free and almost free office type software

Discussion in 'Dell' started by RnR, Sep 21, 2007.

  1. RnR

    RnR Guest

    If I'm not mistaken IBM is giving their Open Office away for free and
    Microsoft is selling their newest Office suite software to students
    for $60. I don't remember all the details so you'll have to Google
    for them.
     
    RnR, Sep 21, 2007
    #1
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  2. RnR

    Sudohnim Guest

    IBM has decided to offer their own free open source derivative of Open
    Office (more properly known as the OpenOffice.org project) which it
    is calling Lotus Symphony. Lotus Symphony is in beta:

    http://symphony.lotus.com/software/lotus/symphony/home.jspa

    Note: You have to register before download (WTF IBM). If nothing
    else, this is good because some IBM developers will be contributing to
    the OpenOffice.org codebase.

    Another derivative of OpenOffice.org... actually the parent so to speak...
    is StarOffice which anyone can download for $69.95:

    http://www.sun.com/software/star/staroffice/get.jsp

    Then of course there is OpenOffice.org proper... free software, open
    source, no registration required, most definitely worth taking for an
    extended test spin:

    http://www.openoffice.org/

    Microsoft Office isn't worth linking to ;-)
     
    Sudohnim, Sep 21, 2007
    #2
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  3. RnR

    Journey Guest

    I don't understand -- what is the difference between IBM's Open Office
    and the one at openoffice.org?

    Didn't IBM at one time have a word processor called Word Pro?
     
    Journey, Sep 22, 2007
    #3
  4. RnR

    Journey Guest

    I bought MS Office 2007 Enterprise for about $79 as a student. I need
    to know it to help people in one of my volunteer roles. I do like One
    Note 2007 (but not prior versions) quite a bit. I wish I had kept up
    with MS Access because now it has a multi-valued column capability
    that does away with the complexity of having an association for a
    many-to-many relationship. That could be very powerful for
    applications such as David Allen's Getting Things Done methodology
    that uses contexts of tasks, because a task often can be assigned to
    many contexts. I use a program called List Pro 5 instead which is
    very simple to use, and separate the contexts with commas so I can
    still filter by searching for the context string like "errand",
    "computer", "phone".

    I like the Atlantis word processor but the developers are arrogant. It
    doesn't support tables, and in threads asking for that feature they
    say things like "We don't owe you anything" rather than being more
    customer focused and friendly. OK, if you don't owe your customers
    anything, then maybe your customers will pay nothing.

    The thing Atlantis has going for it is that you can have a right pane
    with all your open documents, and it reopens them the next time you
    open the program. I am hoping to find this capability in another
    product, but so far only a program called Poly Edit does it but it
    does it poorly.

    Text editors, however, frequently do that. NoteTab Pro is a great
    program that many people don't know about. I prefer it to TextPad or
    Ultra Edit. Text editors, although the simplicity and minimalism
    appeals to me, just don't cut it. With MS Word or Open Office, I can
    easily apply Heading Styles 1,2, and 3 with Ctrl+Alt+number or
    Ctrl+number respectively. It's very easy to crank out a great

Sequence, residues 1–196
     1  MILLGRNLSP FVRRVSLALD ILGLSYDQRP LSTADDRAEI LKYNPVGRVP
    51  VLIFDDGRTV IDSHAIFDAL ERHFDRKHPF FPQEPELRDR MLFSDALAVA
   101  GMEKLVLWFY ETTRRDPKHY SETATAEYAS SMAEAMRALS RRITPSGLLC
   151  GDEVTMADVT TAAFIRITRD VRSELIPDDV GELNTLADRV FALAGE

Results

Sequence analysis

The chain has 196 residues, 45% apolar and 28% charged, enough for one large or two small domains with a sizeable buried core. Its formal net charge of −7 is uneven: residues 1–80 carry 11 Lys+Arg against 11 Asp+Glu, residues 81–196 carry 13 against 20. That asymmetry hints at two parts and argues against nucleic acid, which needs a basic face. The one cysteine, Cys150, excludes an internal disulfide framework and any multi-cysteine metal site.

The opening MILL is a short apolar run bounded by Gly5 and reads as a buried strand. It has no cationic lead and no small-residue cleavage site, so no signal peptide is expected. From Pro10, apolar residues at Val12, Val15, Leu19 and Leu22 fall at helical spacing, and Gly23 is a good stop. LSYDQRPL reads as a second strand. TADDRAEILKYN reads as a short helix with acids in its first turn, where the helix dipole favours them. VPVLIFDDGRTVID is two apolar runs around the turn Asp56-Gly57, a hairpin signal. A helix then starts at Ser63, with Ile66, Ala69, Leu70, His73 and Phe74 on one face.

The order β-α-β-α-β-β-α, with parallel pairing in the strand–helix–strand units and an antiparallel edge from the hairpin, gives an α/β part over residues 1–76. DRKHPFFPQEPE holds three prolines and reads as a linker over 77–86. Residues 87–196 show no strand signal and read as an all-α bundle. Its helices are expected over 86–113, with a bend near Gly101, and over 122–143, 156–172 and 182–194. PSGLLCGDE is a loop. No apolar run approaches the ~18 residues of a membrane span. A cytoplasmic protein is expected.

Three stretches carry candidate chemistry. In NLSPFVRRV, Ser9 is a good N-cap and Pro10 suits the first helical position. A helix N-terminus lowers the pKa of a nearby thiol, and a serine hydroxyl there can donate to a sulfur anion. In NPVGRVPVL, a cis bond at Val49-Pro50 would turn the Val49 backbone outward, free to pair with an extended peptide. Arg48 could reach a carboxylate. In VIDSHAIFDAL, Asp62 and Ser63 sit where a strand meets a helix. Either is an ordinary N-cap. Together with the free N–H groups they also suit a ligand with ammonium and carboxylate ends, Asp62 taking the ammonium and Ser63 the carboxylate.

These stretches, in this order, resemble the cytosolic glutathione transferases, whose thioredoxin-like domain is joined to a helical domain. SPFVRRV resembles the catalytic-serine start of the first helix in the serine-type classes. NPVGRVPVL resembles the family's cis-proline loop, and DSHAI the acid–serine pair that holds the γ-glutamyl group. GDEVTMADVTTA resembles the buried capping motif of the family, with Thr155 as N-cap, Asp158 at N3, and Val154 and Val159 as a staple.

document just using those and bullet points.

    Some companies will give you a free or reduced license to their
    software if you just ask, have a good reason for asking, and agree to
    provide them with a honest review that they can use in marketing. I
    have licenses to really powerful and expensive programs that I
    couldn't afford otherwise.

    Getting back to Open Office, I am trying to transition to it. A big
    part of me though wants to stay up with the MS Word object model for
    macros or other programming. A bigger part of me says give it up --
    do you really want to clutter your mind with object models when there
    is real life to be lived!? Resounding no -- but being a programmer /
    database analyst / systems analyst / web developer still beckons to me
    from time to time until I come to my senses.
     
    Journey, Sep 22, 2007
    #4
  5. RnR

    Journey Guest

    There are two exceptions, if I would want to focus on something for
    programming. One is when the iPhone OS / iPod OS becomes a
    development platform (I think it will happen, there's a limit to
    web-based interfaces). The other would be Windows Mobile, but I'd
    rather program for an Apple device than support the evil Monopoly.

    While Apple executes superbly, Palm is totally baffling with its level
    of incompetance. Palm needs a management change yesterday. Is there
    a reason why a Palm PDA doesn't have a 30gig hard drive by now? Yeah,
    Palm incompetance, lack of vision. They STILL have their Vista
    version of Palm Desktop in beta! Really though I have secondary
    motives -- I want the stock to be decimated so it would be a good
    turnaround investment :)

    Apple stock hasn't disappointed -- still has a lot of upside because
    the new iPods will decimate any competition this holiday season, Apple
    is increasing market share of computers, and the iPhone hit the mark
    perfectly. I see 200 by the end of Q1.
     
    Journey, Sep 22, 2007
    #5
  6. Still does:

    http://www-306.ibm.com/software/lotus/products/smartsuite/

    "IBM® Lotus® SmartSuite®, the award-winning office suite,
    features these applications: Lotus 1-2-3®, the spreadsheet that
    started it all; Word Pro®, the word processor for today's
    Internet centered-world; Lotus Organizer Release 5.04, the
    world's leading personal information manager; Freelance
    Graphics®, the presentation graphics package for everyday
    communication; and Approach®, the relational database your whole
    team can use. IBM Lotus 1-2-3 and IBM Lotus Organizer are also
    available as stand-alone products"

    The old standbys, Word Perfect (now Corel WordPerfect Office and
    includes a spreadsheet, presentation program, data base program;
    and dBase are still out there too in addition to Lotus 1-2-3.

    http://www.corel.com/servlet/Satellite/us/en/Product/1152105038419

    http://www.dbase.com/

    Plus ca change ...
     
    Ogden Johnson III, Sep 22, 2007
    #6
  7. another low cost alternative to microsoft office is sun's star office. and